The Battle for Middle-Earth: Tolkien's Divine Design in Lord of the Rings

By Fleming Rutledge | Go to book overview

chapter four
Book IV: The Ring Goes East

Frodo and Sam on Their Own (or Maybe Not)

As Book IV opens and we rejoin Frodo and Sam, we are again moving on at least two levels. The surface narrative itself is skillful enough to please most readers, dealing as it does with an epic test of courage in a horrific landscape, and many a reader (including this one) has greatly enjoyed the exercise of learning Tolkien’s topography. In the deep narrative, however, the hobbits’ adventures are played out on a panoramic scale far larger than the maps of Middle-earth beloved by all Tolkien fans. Satisfying as it is to master the geology of the Emyn Muil with its twisted ridges, shelves, and gullies, it is still more challenging to understand that what is occurring in this drear region is part of a cosmic war between vast unseen hosts contending not only for human souls but ultimately for control of the created order. Each reader is thereby invited to understand himself or herself as similarly tested and strategically placed. Moreover, in passages like this, Tolkien, by building up the pressure during each stage of the journey, is directing us toward a climax of great subtlety as well as high drama.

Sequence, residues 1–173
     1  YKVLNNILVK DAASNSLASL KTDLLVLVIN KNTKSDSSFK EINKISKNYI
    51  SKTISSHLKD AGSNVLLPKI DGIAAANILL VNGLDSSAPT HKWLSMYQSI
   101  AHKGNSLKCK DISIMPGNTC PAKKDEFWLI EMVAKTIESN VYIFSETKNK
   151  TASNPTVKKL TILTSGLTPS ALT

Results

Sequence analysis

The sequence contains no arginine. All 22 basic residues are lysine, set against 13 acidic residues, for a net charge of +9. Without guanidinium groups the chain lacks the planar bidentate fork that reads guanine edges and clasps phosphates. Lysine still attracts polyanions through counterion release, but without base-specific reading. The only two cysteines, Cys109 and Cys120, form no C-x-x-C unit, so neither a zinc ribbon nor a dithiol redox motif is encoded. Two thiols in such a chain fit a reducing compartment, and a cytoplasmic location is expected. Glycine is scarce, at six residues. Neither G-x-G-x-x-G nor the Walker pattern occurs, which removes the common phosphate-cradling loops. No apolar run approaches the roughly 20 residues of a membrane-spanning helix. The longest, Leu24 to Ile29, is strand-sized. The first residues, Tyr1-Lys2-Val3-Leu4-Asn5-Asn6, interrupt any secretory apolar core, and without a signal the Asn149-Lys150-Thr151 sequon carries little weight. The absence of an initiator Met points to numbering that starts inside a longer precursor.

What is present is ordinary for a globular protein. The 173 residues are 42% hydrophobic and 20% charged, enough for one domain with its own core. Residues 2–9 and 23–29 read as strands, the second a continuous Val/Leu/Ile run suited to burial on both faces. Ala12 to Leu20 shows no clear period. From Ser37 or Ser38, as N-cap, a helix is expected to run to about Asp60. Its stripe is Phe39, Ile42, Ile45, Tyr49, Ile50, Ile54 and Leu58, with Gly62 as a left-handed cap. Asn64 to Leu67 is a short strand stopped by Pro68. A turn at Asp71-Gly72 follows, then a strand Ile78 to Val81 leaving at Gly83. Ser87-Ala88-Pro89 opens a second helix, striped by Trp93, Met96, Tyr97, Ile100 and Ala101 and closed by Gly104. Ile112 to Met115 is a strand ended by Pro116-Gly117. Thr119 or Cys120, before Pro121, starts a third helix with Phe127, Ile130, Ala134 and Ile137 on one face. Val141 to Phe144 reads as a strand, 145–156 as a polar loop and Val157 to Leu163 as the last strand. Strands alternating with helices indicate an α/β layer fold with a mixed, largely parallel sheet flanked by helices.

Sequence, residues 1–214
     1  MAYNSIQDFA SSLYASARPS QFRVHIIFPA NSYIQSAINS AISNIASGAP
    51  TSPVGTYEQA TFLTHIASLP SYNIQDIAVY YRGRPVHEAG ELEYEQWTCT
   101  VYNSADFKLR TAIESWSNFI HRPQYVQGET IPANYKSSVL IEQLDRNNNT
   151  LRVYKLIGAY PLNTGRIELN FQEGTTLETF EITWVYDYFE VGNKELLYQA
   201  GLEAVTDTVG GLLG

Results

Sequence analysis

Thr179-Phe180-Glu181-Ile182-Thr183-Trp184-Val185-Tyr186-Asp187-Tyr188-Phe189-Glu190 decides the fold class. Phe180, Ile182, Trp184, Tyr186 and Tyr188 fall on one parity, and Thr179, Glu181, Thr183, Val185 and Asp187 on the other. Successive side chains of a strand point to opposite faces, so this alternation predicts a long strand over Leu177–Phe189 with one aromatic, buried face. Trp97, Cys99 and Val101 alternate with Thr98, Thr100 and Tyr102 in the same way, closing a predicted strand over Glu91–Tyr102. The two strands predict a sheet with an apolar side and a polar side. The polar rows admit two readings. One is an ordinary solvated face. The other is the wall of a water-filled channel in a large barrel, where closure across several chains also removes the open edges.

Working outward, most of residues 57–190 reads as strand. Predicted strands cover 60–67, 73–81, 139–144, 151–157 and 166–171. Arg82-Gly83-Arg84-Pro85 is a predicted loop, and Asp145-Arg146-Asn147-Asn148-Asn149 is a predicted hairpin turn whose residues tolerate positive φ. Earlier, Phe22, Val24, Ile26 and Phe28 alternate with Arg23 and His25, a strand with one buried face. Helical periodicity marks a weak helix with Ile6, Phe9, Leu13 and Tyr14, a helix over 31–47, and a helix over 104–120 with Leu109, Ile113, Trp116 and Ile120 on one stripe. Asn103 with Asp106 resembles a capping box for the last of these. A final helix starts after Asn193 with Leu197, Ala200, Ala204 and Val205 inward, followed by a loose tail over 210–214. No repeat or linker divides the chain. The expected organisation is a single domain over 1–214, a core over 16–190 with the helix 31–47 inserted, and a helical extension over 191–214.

Frodo and Sam are utterly lost in the fissures and ledges of the Emyn Muil. The horror of their circumstances is made plain in Frodo’s words as he looks fixedly at the satanic red glow on the other side of the Ephel Dúath (Mountains of Shadow) and says, “Mordor! If I must go there, I wish I could come there quickly and make an end!” It is not too much of a stretch to compare this to Jesus in the wilderness, looking down from the pinnacle where Satan has placed him. The devil reminds him that he has the power to will himself instantly out of his circumstances. The alternative to this powerful temptation is to embark upon a

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The Battle for Middle-Earth: Tolkien's Divine Design in Lord of the Rings
Table of contents

Table of contents

  • Title Page iii
  • Contents vii
  • Introduction 1
  • Prologue - The Hobbit 21
  • Chapter One: Book I 47
  • Chapter Two: Book II 89
  • Chapter Three: Book III 147
  • Chapter Four: Book IV 195
  • Chapter Five: Book V 239
  • Chapter Six: Book VI 321
  • Acknowledgments 373
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